Who doesn't deal with some dead-zones, here and there? If you don't... you're LUCKY!
If you do... there's NO PLACE more annoying to have spotty service than IN YOUR HOME!
Check out these tips from PopSci (Popular Science) on how to deal with those in home dead zones:
Try a messaging app
If Wi-Fi calling doesn’t work for you, and you’re unwilling to buy a new phone, you can still try another solution—though none of them are quite as seamless.
There’s a good chance most of your contacts are on Facebook anyway, so that’s a decent option—but it isn’t always as reliable as text messaging, since your friends may not receive notifications about Facebook messages or check the app very often.
If you’re willing to go through a bit more setup, Google Voice lets you make calls and send actual text messages using a regular phone number, and your recipient doesn’t have to download any special apps—they’ll just receive your calls and texts as normal. There’s only one catch: Google Voice doesn’t use your phone’s existing number; you have to pick a new number when you sign up for the service. That means you’ll have to either give this second number to your friends (so they know who’s calling), or port your current number to Google Voice, get a new number for your phone, and use the Google Voice app for all your calls and texts going forward. Like I said...it’s complicated.
Boost or create a wireless signal
Lastly, there are devices out there that can either boost or create a cellular signal inside your house. But they can also be complicated and expensive, and come with their own limitations.
Verizon, for example, offers a 4G LTE Network Extender for $250. This is a microcell device that uses your home internet connection to “create” a tiny cell tower within your house. AT&T used to offer a similar device, but has discontinued it since the release of Wi-Fi calling.
Not only are these devices expensive, but they allow anyone passing by your house to use your home internet for cell service. Meanwhile, if you have friends and family that use a different carrier than you, they won’t get a signal from it. If you want something that works with all major carriers, you can buy third-party microcell devices, but they’re even more expensive than the proprietary ones.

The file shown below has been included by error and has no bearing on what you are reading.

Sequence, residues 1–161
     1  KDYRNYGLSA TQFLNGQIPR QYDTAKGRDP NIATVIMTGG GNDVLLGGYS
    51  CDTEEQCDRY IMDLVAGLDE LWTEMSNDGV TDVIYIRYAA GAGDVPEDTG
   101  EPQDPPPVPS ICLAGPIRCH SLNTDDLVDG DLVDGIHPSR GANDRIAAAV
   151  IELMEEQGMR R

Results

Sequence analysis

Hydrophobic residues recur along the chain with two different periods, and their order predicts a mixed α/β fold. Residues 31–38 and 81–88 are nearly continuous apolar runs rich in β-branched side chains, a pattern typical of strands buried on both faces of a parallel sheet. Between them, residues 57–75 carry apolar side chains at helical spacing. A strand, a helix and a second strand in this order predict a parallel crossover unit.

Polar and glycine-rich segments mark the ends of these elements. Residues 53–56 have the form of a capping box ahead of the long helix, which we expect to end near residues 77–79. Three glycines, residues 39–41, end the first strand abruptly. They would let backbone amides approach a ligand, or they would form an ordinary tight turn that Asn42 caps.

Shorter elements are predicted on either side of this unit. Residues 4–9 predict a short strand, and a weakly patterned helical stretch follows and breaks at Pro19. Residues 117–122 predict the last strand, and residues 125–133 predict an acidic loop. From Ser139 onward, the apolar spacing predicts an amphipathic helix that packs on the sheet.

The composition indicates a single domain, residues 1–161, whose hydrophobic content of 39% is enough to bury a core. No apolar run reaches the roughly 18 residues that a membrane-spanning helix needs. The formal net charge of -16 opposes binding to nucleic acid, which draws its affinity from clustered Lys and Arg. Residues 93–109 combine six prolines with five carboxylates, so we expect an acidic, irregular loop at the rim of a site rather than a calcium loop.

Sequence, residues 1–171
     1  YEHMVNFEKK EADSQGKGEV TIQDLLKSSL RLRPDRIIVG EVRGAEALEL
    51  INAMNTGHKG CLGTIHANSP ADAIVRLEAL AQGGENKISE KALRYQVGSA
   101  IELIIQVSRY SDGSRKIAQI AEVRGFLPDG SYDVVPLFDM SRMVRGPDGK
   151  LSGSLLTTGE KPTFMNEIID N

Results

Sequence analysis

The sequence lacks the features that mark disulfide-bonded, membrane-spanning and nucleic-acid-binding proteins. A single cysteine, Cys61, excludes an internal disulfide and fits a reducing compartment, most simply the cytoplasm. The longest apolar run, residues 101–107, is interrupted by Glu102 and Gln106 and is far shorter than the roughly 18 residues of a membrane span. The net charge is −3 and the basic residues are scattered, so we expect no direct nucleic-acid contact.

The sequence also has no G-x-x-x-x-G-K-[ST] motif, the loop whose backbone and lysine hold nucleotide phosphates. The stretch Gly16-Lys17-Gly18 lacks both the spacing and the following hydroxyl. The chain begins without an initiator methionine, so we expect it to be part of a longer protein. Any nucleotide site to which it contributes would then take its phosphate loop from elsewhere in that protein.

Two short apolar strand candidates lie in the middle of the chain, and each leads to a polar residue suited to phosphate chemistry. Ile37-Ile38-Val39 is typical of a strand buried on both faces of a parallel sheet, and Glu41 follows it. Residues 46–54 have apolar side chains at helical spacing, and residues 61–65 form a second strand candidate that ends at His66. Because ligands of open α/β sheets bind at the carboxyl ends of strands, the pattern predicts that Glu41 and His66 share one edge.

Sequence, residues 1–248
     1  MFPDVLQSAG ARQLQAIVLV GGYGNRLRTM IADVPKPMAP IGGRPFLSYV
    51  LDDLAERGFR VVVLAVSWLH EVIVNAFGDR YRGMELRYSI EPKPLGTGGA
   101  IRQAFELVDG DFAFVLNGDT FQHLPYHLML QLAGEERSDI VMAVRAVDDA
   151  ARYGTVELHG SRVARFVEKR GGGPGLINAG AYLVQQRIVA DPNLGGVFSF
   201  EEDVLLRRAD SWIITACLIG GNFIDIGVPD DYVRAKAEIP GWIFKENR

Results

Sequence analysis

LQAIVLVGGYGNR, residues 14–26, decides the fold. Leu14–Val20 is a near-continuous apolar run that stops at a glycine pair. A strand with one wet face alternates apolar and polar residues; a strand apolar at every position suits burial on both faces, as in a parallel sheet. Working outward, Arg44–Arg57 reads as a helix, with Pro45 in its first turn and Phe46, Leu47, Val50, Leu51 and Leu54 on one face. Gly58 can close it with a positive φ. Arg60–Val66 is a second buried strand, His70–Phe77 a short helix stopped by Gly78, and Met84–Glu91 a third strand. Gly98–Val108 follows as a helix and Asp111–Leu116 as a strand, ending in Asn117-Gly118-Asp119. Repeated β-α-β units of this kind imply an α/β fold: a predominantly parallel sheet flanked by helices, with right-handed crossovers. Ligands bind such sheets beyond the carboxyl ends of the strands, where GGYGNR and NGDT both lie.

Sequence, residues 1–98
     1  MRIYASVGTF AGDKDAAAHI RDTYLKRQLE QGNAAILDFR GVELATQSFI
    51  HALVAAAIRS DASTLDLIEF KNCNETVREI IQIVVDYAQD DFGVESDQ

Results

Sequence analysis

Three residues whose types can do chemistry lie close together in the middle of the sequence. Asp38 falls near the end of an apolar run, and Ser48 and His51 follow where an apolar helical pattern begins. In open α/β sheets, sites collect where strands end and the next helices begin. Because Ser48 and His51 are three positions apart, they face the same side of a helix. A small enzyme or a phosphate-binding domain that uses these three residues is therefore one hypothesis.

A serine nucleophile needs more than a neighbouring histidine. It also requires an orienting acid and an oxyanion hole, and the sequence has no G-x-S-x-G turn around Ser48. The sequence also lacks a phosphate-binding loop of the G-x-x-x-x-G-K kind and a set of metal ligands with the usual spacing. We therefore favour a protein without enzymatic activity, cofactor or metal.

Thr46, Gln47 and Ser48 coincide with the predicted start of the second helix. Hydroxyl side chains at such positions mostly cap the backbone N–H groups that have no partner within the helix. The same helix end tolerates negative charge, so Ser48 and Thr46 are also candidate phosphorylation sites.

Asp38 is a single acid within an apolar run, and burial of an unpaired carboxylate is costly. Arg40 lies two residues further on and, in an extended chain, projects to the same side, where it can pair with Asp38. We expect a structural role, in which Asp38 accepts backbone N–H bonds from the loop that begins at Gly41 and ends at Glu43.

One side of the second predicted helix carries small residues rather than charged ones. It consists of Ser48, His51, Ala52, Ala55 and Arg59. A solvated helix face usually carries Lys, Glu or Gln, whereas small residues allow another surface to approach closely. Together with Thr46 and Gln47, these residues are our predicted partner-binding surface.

T-Mobile offers a different kind of network extender: Instead of using your home internet, it merely extends the network from a low-signal area (like a window) to a no-signal area (like the rest of your house). This requires that you have at least one bar of signal somewhere in your house, and it may require some finagling to get working properly. Still, it’s another option, and T-Mobile offers it for only a $25 deposit.
If you have a different carrier, there are other third-party devices that can do something similar. We recommend buying your device from a store with a good return policy so you can test it before committing, since everyone’s home is different.
Overall, Wi-Fi calling is the easiest and most reliable option—but if you absolutely can’t use it, these alternatives will work. You just have to be willing to spend time setting them up.
So how's the service in your home? Let us know in the comments!
If you have any questions, please feel free to reach out!
The Perfect House Team
Call or text us at: 757-335-6111